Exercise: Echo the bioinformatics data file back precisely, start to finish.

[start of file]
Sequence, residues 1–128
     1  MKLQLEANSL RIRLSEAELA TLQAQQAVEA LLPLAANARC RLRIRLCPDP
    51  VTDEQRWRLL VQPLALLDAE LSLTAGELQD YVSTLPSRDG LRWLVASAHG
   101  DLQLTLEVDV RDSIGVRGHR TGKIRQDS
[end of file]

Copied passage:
Sequence, residues 1–128
     1  MKLQLEANSL RIRLSEAELA TLQAQQAVEA LLPLAANARC RLRIRLCPDP
    51  VTDEQRWRLL VQPLALLDAE LSLTAGELQD YVSTLPSRDG LRWLVASAHG
   101  DLQLTLEVDV RDSIGVRGHR TGKIRQDS